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Actress Beverly Naya Explores The effects of discrimination of Skin Colour in New Documentary “SKIN”

In many parts of Africa, women with lighter skin are thought to be more beautiful and likely to find more success than women of darker skin tones. Often this barrier leads to women turning to skin lightening treatments, many of which are harmful to the body.

Historically, the cause of skin lightening goes back to colonialism, where individuals with lighter skin received greater privilege than those of darker tones. This built a racial hierarchy and color ranking within colonized African nations, leaving psychological effects on many of the darker skinned individuals

Colorism affects both women and men in African countries, but it has taken hold of the beauty standards associated with a woman’s ability to find success and marriage. The number of women across African countries using bleaching products have gone up with 77% of Nigerian women, 52% of Senegalese women, and 25% of Mali women using lightening products.

Watch the trailer here:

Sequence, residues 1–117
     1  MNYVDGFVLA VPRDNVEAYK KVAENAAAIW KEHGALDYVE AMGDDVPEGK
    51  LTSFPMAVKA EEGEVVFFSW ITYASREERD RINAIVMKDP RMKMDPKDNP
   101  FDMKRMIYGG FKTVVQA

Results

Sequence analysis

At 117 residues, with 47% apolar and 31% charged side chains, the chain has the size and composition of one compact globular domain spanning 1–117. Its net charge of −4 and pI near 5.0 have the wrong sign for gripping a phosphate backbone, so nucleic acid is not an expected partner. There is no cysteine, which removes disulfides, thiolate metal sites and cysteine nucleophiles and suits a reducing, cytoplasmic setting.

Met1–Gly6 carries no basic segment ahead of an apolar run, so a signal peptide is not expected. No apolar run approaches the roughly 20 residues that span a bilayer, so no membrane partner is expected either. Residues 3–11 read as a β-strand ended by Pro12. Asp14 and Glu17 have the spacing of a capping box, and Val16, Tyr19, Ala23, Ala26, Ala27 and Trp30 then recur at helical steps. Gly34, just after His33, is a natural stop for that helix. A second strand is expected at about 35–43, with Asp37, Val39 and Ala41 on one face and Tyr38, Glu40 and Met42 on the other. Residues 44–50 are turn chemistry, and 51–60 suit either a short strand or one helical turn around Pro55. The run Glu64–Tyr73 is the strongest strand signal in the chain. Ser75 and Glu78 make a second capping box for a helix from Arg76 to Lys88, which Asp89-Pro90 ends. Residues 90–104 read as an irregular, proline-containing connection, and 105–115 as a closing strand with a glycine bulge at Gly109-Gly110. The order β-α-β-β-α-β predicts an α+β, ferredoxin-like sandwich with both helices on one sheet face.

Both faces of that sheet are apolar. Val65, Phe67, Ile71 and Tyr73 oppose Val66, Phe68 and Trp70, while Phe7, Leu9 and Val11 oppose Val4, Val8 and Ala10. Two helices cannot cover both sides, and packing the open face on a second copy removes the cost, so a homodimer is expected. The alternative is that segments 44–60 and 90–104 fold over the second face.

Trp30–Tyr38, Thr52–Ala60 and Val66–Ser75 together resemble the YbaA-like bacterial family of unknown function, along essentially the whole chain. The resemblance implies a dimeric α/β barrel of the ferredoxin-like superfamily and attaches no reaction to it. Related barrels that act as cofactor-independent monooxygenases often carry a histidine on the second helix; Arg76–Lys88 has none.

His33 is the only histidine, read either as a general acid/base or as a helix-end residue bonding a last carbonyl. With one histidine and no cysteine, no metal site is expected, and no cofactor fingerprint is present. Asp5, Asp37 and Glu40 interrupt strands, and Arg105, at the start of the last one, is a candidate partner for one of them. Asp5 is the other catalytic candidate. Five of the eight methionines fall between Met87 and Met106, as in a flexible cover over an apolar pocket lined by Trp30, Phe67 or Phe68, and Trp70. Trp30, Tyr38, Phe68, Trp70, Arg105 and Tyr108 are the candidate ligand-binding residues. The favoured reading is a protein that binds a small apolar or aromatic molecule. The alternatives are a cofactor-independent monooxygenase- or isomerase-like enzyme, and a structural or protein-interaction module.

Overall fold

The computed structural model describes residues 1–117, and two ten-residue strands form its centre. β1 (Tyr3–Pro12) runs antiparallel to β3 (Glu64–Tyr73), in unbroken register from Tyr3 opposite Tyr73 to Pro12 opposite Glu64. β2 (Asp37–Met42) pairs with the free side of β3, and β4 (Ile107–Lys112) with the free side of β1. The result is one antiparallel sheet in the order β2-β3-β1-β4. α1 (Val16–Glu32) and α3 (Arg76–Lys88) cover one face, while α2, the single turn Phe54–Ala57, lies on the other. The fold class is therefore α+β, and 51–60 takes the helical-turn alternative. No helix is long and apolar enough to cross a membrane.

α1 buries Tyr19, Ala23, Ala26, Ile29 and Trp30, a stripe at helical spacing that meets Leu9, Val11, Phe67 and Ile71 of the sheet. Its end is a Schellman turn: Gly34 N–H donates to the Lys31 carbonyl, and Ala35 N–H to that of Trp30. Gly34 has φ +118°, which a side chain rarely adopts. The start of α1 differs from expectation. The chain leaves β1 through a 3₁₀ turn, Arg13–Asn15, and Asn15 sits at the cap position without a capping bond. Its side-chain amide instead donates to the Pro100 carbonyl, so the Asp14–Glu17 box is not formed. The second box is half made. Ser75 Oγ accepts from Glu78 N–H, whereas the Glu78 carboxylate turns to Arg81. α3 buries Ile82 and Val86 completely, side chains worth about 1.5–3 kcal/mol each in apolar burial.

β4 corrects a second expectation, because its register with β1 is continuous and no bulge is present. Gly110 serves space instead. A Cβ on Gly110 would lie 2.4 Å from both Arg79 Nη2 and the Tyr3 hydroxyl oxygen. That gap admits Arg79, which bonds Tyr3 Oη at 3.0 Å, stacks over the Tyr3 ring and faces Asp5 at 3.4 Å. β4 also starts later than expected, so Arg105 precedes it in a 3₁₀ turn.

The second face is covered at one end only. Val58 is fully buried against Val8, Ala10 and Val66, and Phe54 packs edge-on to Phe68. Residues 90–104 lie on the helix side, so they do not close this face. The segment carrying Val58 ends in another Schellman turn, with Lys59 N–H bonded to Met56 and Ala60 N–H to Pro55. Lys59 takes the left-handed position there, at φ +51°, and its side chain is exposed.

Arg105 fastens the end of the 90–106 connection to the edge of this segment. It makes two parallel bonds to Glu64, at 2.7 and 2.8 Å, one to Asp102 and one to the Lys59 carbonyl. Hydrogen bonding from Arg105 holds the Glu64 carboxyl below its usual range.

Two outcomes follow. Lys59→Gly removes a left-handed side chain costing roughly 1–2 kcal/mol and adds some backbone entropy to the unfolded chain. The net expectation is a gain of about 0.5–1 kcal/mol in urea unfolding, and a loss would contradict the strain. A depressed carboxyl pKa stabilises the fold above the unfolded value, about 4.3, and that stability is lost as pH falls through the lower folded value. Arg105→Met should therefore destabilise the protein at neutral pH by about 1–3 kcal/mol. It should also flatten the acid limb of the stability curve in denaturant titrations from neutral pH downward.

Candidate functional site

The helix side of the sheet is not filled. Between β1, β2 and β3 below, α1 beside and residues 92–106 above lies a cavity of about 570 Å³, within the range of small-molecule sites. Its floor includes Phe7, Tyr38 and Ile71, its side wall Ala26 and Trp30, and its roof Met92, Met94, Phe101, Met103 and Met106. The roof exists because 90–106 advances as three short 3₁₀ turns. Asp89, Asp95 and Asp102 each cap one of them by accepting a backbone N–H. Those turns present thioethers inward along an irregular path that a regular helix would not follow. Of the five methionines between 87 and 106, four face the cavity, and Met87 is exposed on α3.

Skin is a feature documentary about exploring through identity the meaning of beauty in all the different shades of black. It is set in present day Lagos, where Nollywood actress Beverly Naya goes on a journey to learn about contrasting perceptions of beauty. She speaks to school children, traders, artists, beauty entrepreneurs and sex workers. This narrative is interwoven by poignant personal accounts of individuals who have dealt with the pressure to conform to certain standards of beauty, revealing how colourism continues to shape the face of the entertainment industry in Africa. Beverly concludes her journey with a trip to her hometown exploring her rich cultural heritage with her mother and grandmother. Between them, we have three generations of beautiful black women who through sheer hard work and self-love have built useful businesses, laying a solid legacy for her and many like her to build upon.

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